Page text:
Primary biochemical high throughput screening assay to identify inhibitors of BCL2-related protein, long isoform (BCLXL).
Name: Primary biochemical high throughput screening assay to identify inhibitors of BCL2-related protein, long isoform (BCLXL). ..more
BioActive Compounds: 2199
Source (MLPCN Center Name): The Scripps Research Institute Molecular Screening Center
Affiliation: The Scripps Research Institute, TSRI
Assay Provider: Michael Cardone, Eutropics
Network: Molecular Library Probe Production Centers Network (MLPCN)
Grant Proposal Number 1 R43 CA135915-01 Fast Track
Grant Proposal PI: Michael Cardone, Eutropics
External Assay ID: BCLXLBIM_INH_FP_1536_1X%INH
Name: Primary biochemical high throughput screening assay to identify inhibitors of BCL2-related protein, long isoform (BCLXL).
Cancer initialization and survival depends upon evasion of the programmed cell death (apoptosis) machinery that normally kills an unneeded or rogue cell (1). Although an effective mechanism for anti-cancer chemotherapeutics is apoptosis induction, cancer cells develop resistance to the pro-apoptotic proteins activated by these drugs (2). Multiple myeloma (MM) and chronic lymphoblastic leukemia (CLL) are two well-characterized lymphoid cancers (3). Bcl-2 is an oncoprotein activated in these lymphomas, and serves to inhibit apoptosis induced by many cytotoxic compounds. Members of the Bcl-2 protein family are regulated by protein-protein interactions, forming homo- and heterodimers (4, 5). One of these proteins, MCL1, is essential for survival of human MM cells (6). MCL1 and other Bcl-2 proteins such as Bcl-xl share Bcl-2's ability to oppose apoptosis, as well as sequence homology in 4 α-helical Bcl-2 homology (BH) regions, BH1-BH4 (3). As a result, these proteins are promising targets for studies on tumor initiation, progression and apoptosis resistance. Research showing that MCL1 opposes cell death (7), is highly expressed in hematopoetic stem cells and is regulated by growth factors (8), and that inhibiting Bcl-2 protein-protein interactions via the crucial BH3 domain is a valid approach to cancer drug development (2, 9, 10), suggest that targeted therapies for MCL1 are needed. The identification of selective inhibitors of MCL1 will provide useful tools for the study of lymphoid tumorigenesis, and elucidate mechanisms for apoptosis induction in resistant cancers.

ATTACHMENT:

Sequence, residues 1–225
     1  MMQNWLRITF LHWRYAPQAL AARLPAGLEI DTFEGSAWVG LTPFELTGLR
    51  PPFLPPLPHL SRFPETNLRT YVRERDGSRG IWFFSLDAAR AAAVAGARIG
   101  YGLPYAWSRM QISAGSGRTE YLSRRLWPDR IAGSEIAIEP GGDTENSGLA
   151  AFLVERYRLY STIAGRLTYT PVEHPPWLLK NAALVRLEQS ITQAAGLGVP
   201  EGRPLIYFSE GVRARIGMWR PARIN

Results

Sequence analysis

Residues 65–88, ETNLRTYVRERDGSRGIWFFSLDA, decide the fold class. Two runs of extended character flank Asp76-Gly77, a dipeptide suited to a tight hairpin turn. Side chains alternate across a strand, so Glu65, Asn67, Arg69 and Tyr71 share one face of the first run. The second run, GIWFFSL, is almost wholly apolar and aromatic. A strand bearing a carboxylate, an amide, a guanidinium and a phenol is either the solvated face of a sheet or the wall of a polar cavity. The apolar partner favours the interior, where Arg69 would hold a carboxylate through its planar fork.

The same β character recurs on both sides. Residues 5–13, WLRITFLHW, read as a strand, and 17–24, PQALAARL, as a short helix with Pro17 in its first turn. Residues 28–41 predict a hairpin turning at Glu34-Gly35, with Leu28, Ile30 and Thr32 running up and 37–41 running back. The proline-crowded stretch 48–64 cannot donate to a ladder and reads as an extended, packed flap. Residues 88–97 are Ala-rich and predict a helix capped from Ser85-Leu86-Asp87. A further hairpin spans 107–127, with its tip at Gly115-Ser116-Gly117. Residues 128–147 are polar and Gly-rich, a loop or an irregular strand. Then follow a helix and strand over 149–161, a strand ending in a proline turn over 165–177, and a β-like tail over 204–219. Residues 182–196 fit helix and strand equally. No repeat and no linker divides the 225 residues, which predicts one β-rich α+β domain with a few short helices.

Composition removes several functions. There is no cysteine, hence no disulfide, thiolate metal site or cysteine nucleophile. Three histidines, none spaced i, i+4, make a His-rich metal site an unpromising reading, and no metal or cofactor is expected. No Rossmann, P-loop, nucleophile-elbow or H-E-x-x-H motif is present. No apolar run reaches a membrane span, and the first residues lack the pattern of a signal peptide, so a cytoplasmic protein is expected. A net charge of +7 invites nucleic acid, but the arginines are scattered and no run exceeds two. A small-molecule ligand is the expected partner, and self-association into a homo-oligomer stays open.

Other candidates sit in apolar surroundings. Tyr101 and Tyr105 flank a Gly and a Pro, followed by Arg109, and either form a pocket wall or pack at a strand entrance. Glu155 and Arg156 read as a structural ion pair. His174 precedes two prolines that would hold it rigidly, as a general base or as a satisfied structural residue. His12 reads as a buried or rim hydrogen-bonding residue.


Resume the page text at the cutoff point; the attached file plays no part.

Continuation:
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3. Cory, S and Adams, JM, Killing cancer cells by flipping the Bcl-2/Bax switch. Cancer Cell, 2005. 8(1): p. 5-6.
4. Petros, AM, Olejniczak, ET and Fesik, SW, Structural biology of the Bcl-2 family of proteins. Biochim Biophys Acta, 2004. 1644(2-3): p. 83-94.
5. Redzepovic, J, Weinmann, G, Ott, I and Gust, R, Current trends in multiple myeloma management. J Int Med Res, 2008. 36(3): p. 371-86.
6. Derenne, S, Monia, B, Dean, NM, Taylor, JK, Rapp, MJ, Harousseau, JL, Bataille, R and Amiot, M, Antisense strategy shows that MCL1 rather than Bcl-2 or Bcl-x(L) is an essential survival protein of human myeloma cells. Blood, 2002. 100(1): p. 194-9.
7. Kozopas, KM, Yang, T, Buchan, HL, Zhou, P and Craig, RW, MCL1, a gene expressed in programmed myeloid cell differentiation, has sequence similarity to BCL2. Proc Natl Acad Sci U S A, 1993. 90(8): p. 3516-20.
8. Opferman, JT, Iwasaki, H, Ong, CC, Suh, H, Mizuno, S, Akashi, K and Korsmeyer, SJ, Obligate role of anti-apoptotic MCL-1 in the survival of hematopoietic stem cells. Science, 2005. 307(5712): p. 1101-4.
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10. Oltersdorf, T, Elmore, SW, Shoemaker, AR, Armstrong, RC, Augeri, DJ, Belli, BA, Bruncko, M, Deckwerth, TL, Dinges, J, Hajduk, PJ, Joseph, MK, Kitada, S, Korsmeyer, SJ, Kunzer, AR, Letai, A, Li, C, Mitten, MJ, Nettesheim, DG, Ng, S, Nimmer, PM, O'Connor, JM, Oleksijew, A, Petros, AM, Reed, JC, Shen, W, Tahir, SK, Thompson, CB, Tomaselli, KJ, Wang, B, Wendt, MD, Zhang, H, Fesik, SW and Rosenberg, SH, An inhibitor of Bcl-2 family proteins induces regression of solid tumours. Nature, 2005. 435(7042): p. 677-81.
BCL2-related protein long isoform, BCLXL, BCL-XL, BCL2L, BCL2L1, BCL2-like 1, BCLX, myeloma cell leukemia sequence 1, MCL1, MCL-1, Mcl1, cancer, anti-apoptotic protein, chronic lymphocytic leukemia, multiple myeloma, lymphoma, inhibitor, inhibition, counterscreen, uHTS, single concentration, HTS, high throughput screen, 1536, Scripps Florida, The Scripps Research Institute Molecular Screening Center, SRIMSC, Molecular Libraries Probe Production Centers Network, MLPCN.